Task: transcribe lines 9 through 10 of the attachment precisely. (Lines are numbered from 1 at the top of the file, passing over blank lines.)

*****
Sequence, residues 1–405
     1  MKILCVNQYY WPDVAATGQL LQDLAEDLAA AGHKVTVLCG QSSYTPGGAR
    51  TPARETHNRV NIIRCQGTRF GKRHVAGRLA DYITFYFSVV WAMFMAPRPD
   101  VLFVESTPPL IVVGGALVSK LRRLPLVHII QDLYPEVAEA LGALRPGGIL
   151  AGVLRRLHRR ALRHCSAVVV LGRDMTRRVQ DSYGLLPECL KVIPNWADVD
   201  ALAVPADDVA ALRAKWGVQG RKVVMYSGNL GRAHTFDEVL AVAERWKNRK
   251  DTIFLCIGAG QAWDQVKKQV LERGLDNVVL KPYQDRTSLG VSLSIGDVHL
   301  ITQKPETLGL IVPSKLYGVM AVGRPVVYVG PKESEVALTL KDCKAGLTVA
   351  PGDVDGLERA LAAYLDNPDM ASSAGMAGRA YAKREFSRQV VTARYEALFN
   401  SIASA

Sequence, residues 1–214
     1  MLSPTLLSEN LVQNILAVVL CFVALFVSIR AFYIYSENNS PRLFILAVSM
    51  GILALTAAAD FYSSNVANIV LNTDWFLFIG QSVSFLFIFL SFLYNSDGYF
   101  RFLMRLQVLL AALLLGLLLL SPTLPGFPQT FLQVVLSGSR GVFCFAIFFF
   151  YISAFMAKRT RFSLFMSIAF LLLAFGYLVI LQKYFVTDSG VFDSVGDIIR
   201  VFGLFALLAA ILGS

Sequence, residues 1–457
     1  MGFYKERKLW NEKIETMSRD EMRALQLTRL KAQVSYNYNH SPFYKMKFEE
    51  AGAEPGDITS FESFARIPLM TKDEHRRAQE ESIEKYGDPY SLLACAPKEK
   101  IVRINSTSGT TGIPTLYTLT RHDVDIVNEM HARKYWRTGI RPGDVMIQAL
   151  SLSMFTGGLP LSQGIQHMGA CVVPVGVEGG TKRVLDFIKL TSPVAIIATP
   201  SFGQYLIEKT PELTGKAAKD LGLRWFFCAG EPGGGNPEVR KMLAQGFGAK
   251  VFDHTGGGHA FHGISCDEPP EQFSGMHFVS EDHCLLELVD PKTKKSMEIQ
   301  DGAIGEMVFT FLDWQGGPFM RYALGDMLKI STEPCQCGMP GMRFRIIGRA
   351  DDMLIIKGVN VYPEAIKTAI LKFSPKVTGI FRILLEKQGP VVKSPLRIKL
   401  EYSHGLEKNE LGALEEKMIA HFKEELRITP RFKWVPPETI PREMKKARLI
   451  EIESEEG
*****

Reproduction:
   351  PGDVDGLERA LAAYLDNPDM ASSAGMAGRA YAKREFSRQV VTARYEALFN
   401  SIASA